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Tuesday, July 18, 2017

War for the Planet of the Apes Review: The Hate Escape.

Caesar... is... sad.

They did it. They really did it. They made a near perfect trilogy of films after changing directors a third of the way through. They pioneered a motion capture tec so convincing I forget I'm looking at FX 10 minutes in. They managed to fit a touching amount of humanity and nuance in a story told in broad, vibrant, strokes. What these films have to say about politics, war, and civilization deserves to become immortal. This is Shakespeare with gorillas and guns and by god it all works. 

Whoo! I'd better slow down a bit, don't want to sound like this is the be all end all. I don't see a screenwriting oscar in it's future. Still though, these films are so good and so unique I can't help but trip over my own words while I evangelize them. They always play against my expectations. When I expect to see apes conquering the fading world of man; I see apes struggling to stay alive while man does a fine job killing itself.

In the aftermath of Koba's rebellion, his former faithful kowtow to the last bastion of military strength in America. Wouldn't you know it, it's a skin head militia. War wears its incendiary politics on its sleeve. It shines a spotlight on this country's biggest social issue and screams "All these people want is a world where they're in charge. Get it?!"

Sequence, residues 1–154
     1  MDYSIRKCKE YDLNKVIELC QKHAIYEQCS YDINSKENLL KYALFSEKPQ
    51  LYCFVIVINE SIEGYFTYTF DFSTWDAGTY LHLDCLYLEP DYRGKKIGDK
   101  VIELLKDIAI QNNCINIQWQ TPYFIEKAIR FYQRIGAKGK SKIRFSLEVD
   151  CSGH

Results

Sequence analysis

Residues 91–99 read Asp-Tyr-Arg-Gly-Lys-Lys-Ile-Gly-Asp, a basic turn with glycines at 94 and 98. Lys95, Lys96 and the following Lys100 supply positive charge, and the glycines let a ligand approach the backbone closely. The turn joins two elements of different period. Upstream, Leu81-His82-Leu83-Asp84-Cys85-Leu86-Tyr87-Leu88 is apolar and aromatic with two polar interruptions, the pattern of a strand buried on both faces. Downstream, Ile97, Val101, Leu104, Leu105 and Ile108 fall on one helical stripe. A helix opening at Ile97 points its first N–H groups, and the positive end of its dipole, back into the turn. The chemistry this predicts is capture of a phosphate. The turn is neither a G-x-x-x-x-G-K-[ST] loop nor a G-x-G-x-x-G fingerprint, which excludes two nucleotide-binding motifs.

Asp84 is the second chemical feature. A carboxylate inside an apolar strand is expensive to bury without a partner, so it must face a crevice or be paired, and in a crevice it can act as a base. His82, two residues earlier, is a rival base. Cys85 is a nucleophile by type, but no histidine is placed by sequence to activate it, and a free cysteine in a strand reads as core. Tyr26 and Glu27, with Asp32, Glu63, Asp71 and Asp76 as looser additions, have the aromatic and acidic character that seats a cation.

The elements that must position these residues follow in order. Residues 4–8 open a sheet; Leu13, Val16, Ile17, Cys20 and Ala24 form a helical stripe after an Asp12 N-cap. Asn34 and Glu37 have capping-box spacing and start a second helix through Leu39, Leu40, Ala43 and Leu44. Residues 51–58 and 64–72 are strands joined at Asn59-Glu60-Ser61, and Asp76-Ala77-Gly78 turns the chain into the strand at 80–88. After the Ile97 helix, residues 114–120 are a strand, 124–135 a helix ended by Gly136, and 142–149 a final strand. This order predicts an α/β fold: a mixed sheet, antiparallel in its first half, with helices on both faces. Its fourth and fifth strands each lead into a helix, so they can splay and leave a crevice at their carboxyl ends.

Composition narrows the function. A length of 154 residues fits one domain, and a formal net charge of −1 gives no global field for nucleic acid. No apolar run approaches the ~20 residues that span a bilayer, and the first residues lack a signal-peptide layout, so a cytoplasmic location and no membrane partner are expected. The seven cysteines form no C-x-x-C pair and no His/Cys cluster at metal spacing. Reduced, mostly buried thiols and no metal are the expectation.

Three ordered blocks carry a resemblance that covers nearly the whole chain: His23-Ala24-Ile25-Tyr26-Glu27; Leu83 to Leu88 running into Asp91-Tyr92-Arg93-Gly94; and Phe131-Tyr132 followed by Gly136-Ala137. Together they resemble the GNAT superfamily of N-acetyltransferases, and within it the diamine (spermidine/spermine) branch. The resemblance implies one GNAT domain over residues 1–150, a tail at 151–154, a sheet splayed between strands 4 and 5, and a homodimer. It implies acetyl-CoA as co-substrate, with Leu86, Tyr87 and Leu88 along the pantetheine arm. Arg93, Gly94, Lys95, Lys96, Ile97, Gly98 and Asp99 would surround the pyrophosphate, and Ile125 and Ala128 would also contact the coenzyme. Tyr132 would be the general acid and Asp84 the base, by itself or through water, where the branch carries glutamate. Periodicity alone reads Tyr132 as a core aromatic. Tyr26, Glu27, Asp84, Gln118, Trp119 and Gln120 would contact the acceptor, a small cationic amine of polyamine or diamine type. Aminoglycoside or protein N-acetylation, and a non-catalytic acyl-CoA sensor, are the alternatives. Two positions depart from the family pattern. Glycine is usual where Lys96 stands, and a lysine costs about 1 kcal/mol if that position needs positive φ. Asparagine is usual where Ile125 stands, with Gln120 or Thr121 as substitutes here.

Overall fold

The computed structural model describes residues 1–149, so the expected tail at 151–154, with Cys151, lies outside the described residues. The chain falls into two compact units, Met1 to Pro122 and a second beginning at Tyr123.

These "donkeys" are branded and sent to work as dishwashers and pack mules. They betray the future of their own kind only out of spite for their old leader. Subtle ain't it? Naturally, Caesar and co. want out of the Red Woods ASAP. Their scouts found a way, but how do you sneak 200 odd apes around an army?

Caesar is a lot more tired now, his fur snowy with age. He's ready to give his life to make sure his people get out. The dirty secret is this movie isn't about a war at all. It's about the torture and suffering required for leadership. Uneasy lies the head and all that.

I'm sure there was a version of this script with a more Christ-like Caesar but thank god this one is anything but holy. He is consumed by betrayal and it gets him nothing but trouble... and a mute blonde kid. It's fun to see them work in the original's use of mute humans, though this time it's cause is viral instead of surgical. The single best scene is all about Woody Harrelson's skin head commander facing the silent future of humanity and tragically losing his sh*t.

So emotional...
There's so much more I want to talk about. But they've managed to keep the last 2 acts a complete secret and I'll be damned if I spoil what this movie is really about. Serkis is still tremendous as Caesar, Maurice is still the world's most lovable orangutan, and Steve Zahn singlehandedly saves the film from being a complete bummer. No small feat.

I'll need to see it again to see how it stacks up against Dawn, one of my 10 perfect movies, but right now they're pretty close to each other. It's rare to see movies that understand intrigue, politics, and humor all at once. Even rarer to see those movies get top spot at the box office. Let this be a lesson to all aspiring filmmakers. This trilogy had it's "thinking man's sci fi" cake and ate it too. So can yours.

Kentucky's favorite son.

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